Haunting on Fraternity Row – I Watch Them So You Don’t Have To

Welcome to the second post in my I Watch Them So You Don’t Have To series (see #1 here). I thought it might be fun to share some of the lesser recognised horror ‘gems’ I stumble across, just because.

I’m quite sure nobody else really cares but I do. I love the idea of people getting the films they want to make made, usually on a shoe-string budget – and I want to appreciate them for what they are. The movies I choose to include in this series all have a little something I like, even if it’s difficult to define what that is.

Sure, we’ll explore some shaky pieces, hence you maybe not wanting to dedicate your own time to them – but don’t worry, I got you. I’m aiming to regularly review an indie horror as often as possible. Aren’t you lucky?

Let us begin…

Haunting on Fraternity Row (2018) or The Party Crasher (UK title)

A fraternity house throws their big “Winter Luau” party but when fraternity brothers and coeds begin dying horrible deaths they discover an evil entity has taken over the house.

Director: Brant Sersen

Starring: Jacob Artist • Jayson Blair • Shanley Caswell

*Minor spoilers*

The premise here is simple: a gang of super douchey frat boys are throwing one last party before they graduate and disperse separately into the real world. The theme is Winter Luau and nothing’s going to stop it going off with a bang. Not even an ancient curse on the frat house itself, no sir.

No sorority stereotypes here, no way

Well, Haunting on Fraternity Row begins with dozens of college stereotypes, the boys themselves are almost all stoners and scumbags, there’s the heinous Queen Bee, the sluts, the girl next door and the med student. The pitiful pledges and the gross teen brother who’s gate-crashed the luau against his older sibling’s wishes. They’re all here, basically – and you know what, as rotten as most of them are, there are a couple of stand-out characters that I actually wanted to root for.

As the boys and their pledges prepare for their big party, they wind up in the basement where they uncover a secret room via a crudely crafted tunnel. In the room they find an old chalice that head douche Tanner (Jayson Blair) claims for his own. Unsettled but otherwise distracted by the promise of booze and babes, the gang get on with it. With the exception of Dougie (Ashton Moio), who’s the only one smart enough to do some Googling.

Why not trust the guy in the RAD cap?

Turns out there was an incident in the house in which the previous owner killed all his dinner party guests, then his wife and himself. And it might well be that he hasn’t quite crossed over yet. Could his demonic soul be connected to the chalice – and are our teens in big trouble? You bet your oiled up bikini bod they are!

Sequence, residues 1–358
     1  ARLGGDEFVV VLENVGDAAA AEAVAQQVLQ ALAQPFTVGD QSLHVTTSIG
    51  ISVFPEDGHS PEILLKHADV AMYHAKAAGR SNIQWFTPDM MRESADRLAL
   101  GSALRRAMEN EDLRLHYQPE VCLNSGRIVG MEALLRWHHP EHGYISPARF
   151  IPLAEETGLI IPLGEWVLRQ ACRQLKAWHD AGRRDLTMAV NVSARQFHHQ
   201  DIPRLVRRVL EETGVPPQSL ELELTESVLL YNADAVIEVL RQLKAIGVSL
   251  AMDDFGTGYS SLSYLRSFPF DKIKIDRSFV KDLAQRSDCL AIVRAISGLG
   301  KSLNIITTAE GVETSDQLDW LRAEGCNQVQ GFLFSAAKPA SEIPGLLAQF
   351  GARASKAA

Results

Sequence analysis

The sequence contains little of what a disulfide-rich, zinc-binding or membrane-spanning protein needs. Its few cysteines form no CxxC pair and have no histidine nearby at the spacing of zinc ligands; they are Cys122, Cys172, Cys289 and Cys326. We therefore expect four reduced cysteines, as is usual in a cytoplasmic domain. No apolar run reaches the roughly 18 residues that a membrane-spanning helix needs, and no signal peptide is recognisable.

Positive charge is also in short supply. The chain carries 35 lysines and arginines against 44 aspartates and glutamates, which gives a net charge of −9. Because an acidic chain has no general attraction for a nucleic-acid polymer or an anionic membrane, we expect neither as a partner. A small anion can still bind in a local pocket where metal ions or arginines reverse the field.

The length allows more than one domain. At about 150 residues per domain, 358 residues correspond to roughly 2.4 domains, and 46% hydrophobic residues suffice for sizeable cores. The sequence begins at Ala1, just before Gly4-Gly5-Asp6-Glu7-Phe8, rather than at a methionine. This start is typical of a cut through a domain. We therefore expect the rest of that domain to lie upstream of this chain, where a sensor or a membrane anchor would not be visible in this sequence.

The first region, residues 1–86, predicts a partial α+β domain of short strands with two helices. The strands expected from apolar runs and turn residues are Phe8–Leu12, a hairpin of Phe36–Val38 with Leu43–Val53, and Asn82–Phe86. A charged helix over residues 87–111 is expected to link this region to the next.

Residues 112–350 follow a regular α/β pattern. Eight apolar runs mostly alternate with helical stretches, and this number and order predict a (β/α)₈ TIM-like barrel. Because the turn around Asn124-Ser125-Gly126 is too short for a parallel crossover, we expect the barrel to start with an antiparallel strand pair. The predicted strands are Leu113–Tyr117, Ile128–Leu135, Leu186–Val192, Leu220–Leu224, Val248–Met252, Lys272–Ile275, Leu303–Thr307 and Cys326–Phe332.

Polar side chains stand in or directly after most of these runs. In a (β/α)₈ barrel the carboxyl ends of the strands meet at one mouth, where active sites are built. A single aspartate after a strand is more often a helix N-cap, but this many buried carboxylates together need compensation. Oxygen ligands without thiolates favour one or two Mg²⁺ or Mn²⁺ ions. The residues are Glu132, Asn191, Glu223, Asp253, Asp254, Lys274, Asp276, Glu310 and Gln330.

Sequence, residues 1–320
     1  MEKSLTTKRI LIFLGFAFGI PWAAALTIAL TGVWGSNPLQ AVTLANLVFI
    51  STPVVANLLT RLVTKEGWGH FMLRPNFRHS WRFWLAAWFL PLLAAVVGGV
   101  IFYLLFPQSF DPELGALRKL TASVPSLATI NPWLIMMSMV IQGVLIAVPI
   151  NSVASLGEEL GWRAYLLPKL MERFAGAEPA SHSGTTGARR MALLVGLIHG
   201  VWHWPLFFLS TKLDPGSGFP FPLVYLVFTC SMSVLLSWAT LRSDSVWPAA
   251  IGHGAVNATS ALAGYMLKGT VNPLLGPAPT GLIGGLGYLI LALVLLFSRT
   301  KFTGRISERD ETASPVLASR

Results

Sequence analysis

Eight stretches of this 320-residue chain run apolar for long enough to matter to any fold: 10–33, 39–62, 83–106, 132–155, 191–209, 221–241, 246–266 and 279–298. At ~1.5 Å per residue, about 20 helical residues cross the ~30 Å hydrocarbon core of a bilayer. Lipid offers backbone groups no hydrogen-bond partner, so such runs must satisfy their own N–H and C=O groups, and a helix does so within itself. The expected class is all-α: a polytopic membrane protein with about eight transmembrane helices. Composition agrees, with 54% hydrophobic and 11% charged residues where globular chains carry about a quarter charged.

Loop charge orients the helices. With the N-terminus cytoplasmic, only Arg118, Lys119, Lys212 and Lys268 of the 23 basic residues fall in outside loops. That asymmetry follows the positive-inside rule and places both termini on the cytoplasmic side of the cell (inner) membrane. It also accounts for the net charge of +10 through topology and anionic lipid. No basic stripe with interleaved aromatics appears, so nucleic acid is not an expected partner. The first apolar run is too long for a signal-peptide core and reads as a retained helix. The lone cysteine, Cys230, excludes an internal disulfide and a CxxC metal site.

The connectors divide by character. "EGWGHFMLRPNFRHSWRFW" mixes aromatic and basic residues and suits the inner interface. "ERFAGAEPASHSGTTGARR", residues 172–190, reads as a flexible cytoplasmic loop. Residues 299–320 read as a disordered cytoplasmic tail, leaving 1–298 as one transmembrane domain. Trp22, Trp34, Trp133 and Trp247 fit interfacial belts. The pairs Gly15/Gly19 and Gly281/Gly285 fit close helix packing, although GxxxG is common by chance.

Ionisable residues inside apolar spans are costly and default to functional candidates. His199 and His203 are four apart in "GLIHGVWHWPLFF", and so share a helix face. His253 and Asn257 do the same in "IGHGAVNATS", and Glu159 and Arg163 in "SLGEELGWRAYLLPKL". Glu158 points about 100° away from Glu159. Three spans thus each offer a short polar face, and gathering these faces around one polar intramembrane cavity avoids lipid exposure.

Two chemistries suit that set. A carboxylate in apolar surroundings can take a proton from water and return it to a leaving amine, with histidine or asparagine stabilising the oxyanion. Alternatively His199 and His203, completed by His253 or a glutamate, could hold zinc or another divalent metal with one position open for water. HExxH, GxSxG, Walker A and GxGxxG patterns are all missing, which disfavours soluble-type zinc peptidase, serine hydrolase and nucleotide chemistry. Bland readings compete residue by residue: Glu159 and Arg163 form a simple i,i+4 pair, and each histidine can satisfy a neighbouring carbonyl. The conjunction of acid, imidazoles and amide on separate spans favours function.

Luckily everything is caught on camera, as several of the pledges are tasked with capturing all the fun. But before the carnage begins, Nice Guy Jason (Jacob Artist) is too shy to approach his long-term crush Claire (Shanley Caswell), who likes him back. BFF Maggie (Molly Tarlov) is pushing her to get a life (and into Jason’s jocks), while pining over Tanner herself.

Meanwhile, Grant (Cameron Moulène) tries desperately to please his overbearing girlfriend Liza (Claudia Lee), who’s daddy is going to set him up with a hedge fund career once college is done. I must say that I’m not mad at some of the character development. Often in college movies this kind of detail is overlooked so you’re cheering for these 2D idiots to be slaughtered – in this case, you actually will some of them to live.

“He’s behind you!”

I’m firmly on Team Dougie as he’s the only one really interested in uncovering what the fuck is going on. He’s a practical soul and I appreciate that, unfortunately his drug usage goes against him and nobody believes him. Dammit. I also love Jason and Claire, two decent humans with the rest of their lives in front of them – if only they can get out of the house. Maggie is a total babe too, probably the most well-rounded female character in the piece.

Effect wise we’re talking extremely low-budget but at least it doesn’t play its hand too soon or too much. As the students are picked off one by one, there are some choice horror moments. What I feel about this movie is that its creators love and appreciate the horror genre, spinning a tried and trusted horror trope (frat bros & coeds) into something a little fresher, if not completely original.

It might not change the world and it might not leave a lasting memory but there are worse ways to spend an hour and a half.

⭐⭐⭐½ out of ⭐⭐⭐⭐⭐

What are you watching?